IMAIKKA NODIGAL: decoding blink-less seconds

Imaikka Nodigal is an example of effective colour palette, Cinematographer RD Rajashekhar sets the mood right with striking visuals especially with Anurag Kashyap’s part – the frames literally drool over the antagonists’ thoughts in a dreadful yet opulent manner. In terms of visual setup, the first counter of Nayanthara-Anurag spikes interest and curiosity when the character’s individual colour palettes turn blue; here, a colour which practically stands for slowing human metabolism and producing a calming effect produces a stark contrasting effect in-sync with the thrill.

Even though Imaikka Nodigal is an exhilarating and riveting thriller, it seeks the roots from A. R. Murugadoss whom Ajay Gnanamuthu once assisted. This might put you off, but the tone and texture of the film is much similar to Murugadoss’ last thriller Spyder (2017) – the setup, the generic intervention of romantic track, psychotic killer and a solid play of hero vs. villain; even S J Suryah’s deadly psycho act is kind-of picked up by Anurag Kashyap (shadow?). Nevertheless, Gnanamuthu brings his own elements by framing a character arc to the protagonist as well as the antagonist consisting of spicy chase and adequate backstories. Imaikka Nodigal has a contemporary and brisk atmosphere unlike Spyder, which dwelt into the ragged reigns.

CBI Officer Anjali Vikramadityan (Nayanthara) is on the hunt of Rudra (Anurag Kashyap), a psychotic killer is on a killing spree. With an unnecessary romantic side track (links to main plot much later) featuring dead face-juvenile Atharvaa and ofcourse not a beauty Rashi Khanna which distracts the film’s definite narrative. And the romantic track, it’s too generic – how many times the usual done to death boy-meets-girl setup has to be experienced or tortured with? With a revamped part similar to Kamal Haasan’s Manmadan Ambu (2010), the “possessiveness” of the writing doesn’t wear off until the romantic snooze fest is dead. Post, the director retaliates rewarding us with a riveting edge-of-the-seat and eye sight thriller; the name suggests too, blink-less seconds.

R. Ajay Gnanamuthu’s Imaikka Nodigal hits the bulls eye with effective direction and an exhilarating screenplay (fairly), he immediately sets the intense mood for an engaging thriller and offers more than just engagement. There’s a flamboyant play of colours which I found more constructive and supportive to a dreadful play of what the antagonist terms, lion vs. hyena. There’s a fresh approach in-sync with colour yellow which suggests conflicting association, loyalty as well as freshness. In simple words, Imaikka Nodigal can be termed in association of these three words – loyal to genre, fresh in approach and conflicting due to its distracting bit of narrative.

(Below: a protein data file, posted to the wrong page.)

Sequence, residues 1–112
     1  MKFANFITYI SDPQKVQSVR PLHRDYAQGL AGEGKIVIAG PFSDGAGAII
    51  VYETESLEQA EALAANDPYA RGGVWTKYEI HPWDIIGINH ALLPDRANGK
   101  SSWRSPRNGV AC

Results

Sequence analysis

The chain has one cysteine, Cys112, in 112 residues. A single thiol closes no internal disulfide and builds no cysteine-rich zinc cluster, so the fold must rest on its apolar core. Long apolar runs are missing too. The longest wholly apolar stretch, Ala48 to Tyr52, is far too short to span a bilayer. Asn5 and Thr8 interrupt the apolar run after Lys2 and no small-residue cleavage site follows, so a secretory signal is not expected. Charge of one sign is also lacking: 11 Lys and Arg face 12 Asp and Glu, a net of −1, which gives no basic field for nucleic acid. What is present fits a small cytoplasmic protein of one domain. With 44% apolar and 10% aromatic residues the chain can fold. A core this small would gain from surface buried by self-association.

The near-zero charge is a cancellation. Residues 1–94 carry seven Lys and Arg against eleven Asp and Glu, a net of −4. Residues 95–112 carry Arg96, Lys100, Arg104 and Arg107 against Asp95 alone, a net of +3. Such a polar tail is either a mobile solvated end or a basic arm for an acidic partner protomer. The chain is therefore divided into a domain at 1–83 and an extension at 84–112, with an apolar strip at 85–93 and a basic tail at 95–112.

Shouldered by Nayanthara, who delivers a bold and graceful performance. She’s a composed and an impressive actress who’s screen presence is heroic and effectively hitting even without cheesy elements. Bollywood, a place where there’s a gaga over feministic films – here’s Nayanthara, who’s lately featuring in such films and co-incidentally known as “Queen” of Kollywood, without a hullabaloo and winning it. In Imaikka Nodigal, the subtle feminism is inserted as a character element and kept intact with the narrative.

Nawazuddin Siddiqui, who played a psychotic killer in Anurag Kashyap’s directorial Raman Raghav 2.0 (2016) will be proud witnessing the menacing groove. At complete ease in his Tamil debut, Kashyap impresses with a deadly act who soon might be kidnapped by the Tamil Film Industry. Vijay Sethupathi in a cameo steals the show, as expected.

There’s a literal identity face-off between three characters – if you happen to face Imaikka Nodigal, you’ll be served an engaging dish, that’ll much time to arrive on the table and if not tasteful, you’ll still be satisfied with its embellishment.


Language: Tamil
Release: 30 August, 2018
Rating: 3.5/5


Copyright ©2018 Ninad Kulkarni. This article may not be reproduced in its entirety without permission. A link to this URL, instead, would be appreciated.

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